4 CFC Games Played
3 CFC Goals
By Glenn McFarlane:
Len Ludbrooke’s time with Collingwood was short and unremarkable; his earlier service to his country was anything but.
Long before he pulled a black and white jumper over his shoulders for four games in 1920-21, his courage and commitment to those around him during a key battle of the First World War earned him a remarkable honour.
In the days and months after the team he would come to play for beat Fitzroy in the 1917 Grand Final, Ludbrooke’s bravery against the odds – and under heavy fire – twice near Ypres, in Belgium, would see him be awarded a Military Medal.
The first part said: “This man carried the wounded back under heavy shellfire and rallied his comrades encouraging them to every exertion when their strength was being very heavily taxed. He set a fine example of coolness and courage.”
The second concerned his “conspicuous gallantry and devotion to duty as a stretcher bearer. When the enemy was concentrating a great deal of heavy shell fire upon the area … and causing a lot of casualties, Private Ludbrooke, with great courage, endurance and determination frequently traversed this shell-swept area and brought in wounded until all had been placed under shelter.
“He was thus the means of saving four men who could not help themselves and at the same time leading four others to shelter who otherwise would have been sacrificed.”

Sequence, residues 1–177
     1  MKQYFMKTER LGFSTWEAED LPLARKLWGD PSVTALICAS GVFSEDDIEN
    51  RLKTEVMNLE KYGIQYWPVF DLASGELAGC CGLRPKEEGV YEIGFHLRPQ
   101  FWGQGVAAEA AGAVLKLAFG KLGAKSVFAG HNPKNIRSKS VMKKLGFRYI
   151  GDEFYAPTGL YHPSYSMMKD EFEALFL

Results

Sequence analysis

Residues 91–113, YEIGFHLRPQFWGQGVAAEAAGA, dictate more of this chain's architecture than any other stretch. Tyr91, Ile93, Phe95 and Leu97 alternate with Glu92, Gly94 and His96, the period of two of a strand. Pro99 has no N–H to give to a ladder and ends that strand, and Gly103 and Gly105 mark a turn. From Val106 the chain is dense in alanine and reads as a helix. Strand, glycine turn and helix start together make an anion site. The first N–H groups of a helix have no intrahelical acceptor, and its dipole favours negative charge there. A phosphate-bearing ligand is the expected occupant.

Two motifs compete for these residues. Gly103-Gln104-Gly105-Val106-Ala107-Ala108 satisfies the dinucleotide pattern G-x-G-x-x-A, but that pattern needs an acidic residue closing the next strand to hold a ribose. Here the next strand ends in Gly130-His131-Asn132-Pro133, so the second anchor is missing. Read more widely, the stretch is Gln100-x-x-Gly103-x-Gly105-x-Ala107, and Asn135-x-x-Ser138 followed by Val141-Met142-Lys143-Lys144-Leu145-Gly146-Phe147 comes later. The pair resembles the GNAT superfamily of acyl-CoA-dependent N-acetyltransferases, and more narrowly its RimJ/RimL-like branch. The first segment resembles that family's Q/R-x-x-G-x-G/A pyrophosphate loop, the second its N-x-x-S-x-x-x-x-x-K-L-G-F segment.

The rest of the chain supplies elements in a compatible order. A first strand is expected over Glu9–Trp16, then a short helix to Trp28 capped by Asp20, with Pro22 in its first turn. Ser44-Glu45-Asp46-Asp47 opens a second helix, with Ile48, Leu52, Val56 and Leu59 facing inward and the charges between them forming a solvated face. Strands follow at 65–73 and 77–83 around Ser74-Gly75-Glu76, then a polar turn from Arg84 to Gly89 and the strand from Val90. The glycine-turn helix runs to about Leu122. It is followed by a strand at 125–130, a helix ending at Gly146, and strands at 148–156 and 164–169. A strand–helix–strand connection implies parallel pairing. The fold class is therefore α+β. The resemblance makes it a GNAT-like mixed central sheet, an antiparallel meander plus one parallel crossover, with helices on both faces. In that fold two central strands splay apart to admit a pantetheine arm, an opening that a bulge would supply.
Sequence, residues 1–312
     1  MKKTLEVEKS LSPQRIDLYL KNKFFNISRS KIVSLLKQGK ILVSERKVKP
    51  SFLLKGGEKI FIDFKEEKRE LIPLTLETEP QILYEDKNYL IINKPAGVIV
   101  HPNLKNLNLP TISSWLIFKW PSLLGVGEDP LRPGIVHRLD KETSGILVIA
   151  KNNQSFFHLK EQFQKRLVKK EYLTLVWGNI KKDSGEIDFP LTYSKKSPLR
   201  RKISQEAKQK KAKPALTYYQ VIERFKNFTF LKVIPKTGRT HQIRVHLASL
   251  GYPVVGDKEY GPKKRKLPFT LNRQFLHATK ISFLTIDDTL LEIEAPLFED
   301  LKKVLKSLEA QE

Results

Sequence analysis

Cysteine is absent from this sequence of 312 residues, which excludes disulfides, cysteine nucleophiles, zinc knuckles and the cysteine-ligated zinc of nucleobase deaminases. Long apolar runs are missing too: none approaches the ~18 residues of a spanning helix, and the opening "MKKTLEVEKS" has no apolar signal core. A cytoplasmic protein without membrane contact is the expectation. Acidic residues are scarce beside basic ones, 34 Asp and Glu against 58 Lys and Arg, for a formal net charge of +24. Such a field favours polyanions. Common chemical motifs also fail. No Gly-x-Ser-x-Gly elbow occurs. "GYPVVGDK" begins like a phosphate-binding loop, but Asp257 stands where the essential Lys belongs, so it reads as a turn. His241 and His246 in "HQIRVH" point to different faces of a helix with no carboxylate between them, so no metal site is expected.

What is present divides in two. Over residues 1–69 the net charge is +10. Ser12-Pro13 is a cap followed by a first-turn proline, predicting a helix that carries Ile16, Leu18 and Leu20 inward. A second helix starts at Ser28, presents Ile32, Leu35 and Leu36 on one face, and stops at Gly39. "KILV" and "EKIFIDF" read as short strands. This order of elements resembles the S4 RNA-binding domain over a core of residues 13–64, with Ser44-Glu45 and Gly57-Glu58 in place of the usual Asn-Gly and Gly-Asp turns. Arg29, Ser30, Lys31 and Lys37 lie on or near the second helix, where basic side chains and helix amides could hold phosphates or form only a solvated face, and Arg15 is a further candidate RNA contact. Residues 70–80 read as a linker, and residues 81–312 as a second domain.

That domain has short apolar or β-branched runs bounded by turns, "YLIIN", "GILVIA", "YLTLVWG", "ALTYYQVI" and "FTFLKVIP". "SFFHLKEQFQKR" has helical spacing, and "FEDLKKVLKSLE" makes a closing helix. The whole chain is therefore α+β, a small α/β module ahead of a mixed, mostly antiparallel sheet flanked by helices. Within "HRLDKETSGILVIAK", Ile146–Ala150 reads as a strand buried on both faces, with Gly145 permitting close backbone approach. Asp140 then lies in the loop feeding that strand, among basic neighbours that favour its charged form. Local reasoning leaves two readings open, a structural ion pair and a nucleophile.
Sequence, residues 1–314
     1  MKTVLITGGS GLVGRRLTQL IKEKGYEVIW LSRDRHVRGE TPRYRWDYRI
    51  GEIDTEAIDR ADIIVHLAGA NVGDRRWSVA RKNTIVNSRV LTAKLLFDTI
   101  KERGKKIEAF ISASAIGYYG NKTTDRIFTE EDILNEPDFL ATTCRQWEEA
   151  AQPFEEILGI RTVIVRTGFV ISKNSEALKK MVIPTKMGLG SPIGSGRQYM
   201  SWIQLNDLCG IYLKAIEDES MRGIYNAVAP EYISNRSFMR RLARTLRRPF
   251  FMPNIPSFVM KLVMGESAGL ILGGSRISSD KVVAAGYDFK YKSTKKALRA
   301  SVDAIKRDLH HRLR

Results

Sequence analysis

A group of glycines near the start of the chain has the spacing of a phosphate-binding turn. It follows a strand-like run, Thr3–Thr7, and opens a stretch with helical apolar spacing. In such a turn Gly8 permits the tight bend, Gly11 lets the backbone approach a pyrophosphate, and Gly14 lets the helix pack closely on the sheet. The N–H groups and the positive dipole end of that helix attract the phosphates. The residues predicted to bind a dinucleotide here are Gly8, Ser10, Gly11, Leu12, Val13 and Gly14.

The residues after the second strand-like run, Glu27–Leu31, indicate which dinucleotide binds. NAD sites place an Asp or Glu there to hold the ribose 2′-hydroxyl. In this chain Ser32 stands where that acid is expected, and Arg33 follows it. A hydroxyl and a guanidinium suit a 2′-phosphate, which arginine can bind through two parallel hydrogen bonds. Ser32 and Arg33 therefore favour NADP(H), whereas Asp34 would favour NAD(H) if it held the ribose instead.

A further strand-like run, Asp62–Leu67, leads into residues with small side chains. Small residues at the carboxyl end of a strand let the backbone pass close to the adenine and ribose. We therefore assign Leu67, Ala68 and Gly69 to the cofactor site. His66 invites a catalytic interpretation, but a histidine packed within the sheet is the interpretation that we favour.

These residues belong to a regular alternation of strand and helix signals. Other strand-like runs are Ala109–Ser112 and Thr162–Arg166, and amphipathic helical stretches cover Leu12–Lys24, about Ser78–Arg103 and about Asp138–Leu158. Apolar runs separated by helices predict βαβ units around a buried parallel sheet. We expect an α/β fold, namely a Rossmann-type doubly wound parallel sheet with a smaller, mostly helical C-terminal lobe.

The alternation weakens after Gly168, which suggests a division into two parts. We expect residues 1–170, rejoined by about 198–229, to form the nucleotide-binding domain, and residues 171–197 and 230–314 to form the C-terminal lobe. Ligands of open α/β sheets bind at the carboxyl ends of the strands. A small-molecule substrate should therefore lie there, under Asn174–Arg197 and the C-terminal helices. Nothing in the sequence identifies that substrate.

Before the award was bestowed on him, Ludbrooke’s actions brought him to attention of the Army Corp Commander, who wished to “express his appreciation of the gallant service shown by this soldier during the recent operations.”
Leonard Cecil Ludbrooke was 21 when he enlisted in the Australian Army in mid-1915, before later transferring to the 13th Field Ambulance. He had shown football prowess before enlisting, but the war meant his sporting ambitions had to be put on hold, as it was for most of his generation. So many of them never got the chance to reach their true potential; fortunately Ludbrooke did.
He worked for his father in a surgical instrument business that specialised in artificial arms, legs, hands and noses. Sadly, it would become a business that would be even more in demand following the horrific injuries suffered by millions during the carnage that was supposed to be the war to end all wars.
Ludbrooke emerged from the war relatively unscathed and returned home in 1919, eager to resume life as it had been before as much as he could. Part of that was resuming his football, and through the 1920 season, he was playing with Ivanhoe.
It was here that he came to the attention of Collingwood scouts and he was brought into the team for his first game with the Magpies in the last game of the 1920 home-and-away season. The 25-year-old had his maiden game in the same forward line as another rookie forward, 18-year-old Gordon Coventry, who was playing his second game.
Coventry kicked three goals in the 17-point win over South Melbourne at Victoria Park; Ludbrooke kicked two of his own. While Coventry retained his spot for the finals, Ludbrooke was overlooked. But he won some compensation after Collingwood had lost the 1920 Grand Final against Richmond, travelling with the team on an end-of-season trip to Adelaide where he represented the club in a challenge game against North Adelaide. He even managed to kick a goal in the game, earning him another shot at VFL football the following year.
Ludbrooke won his chance early in the 1921 season, playing against Melbourne (in Round 2, 1921), Essendon (Round 4, kicking a goal) and Richmond (Round 5). But he could not secure his spot within the team and his VFL career came to an end. His contribution to his country was something more profound, and would sit proudly with him and those who knew him until his death, aged 73, in July 1968.
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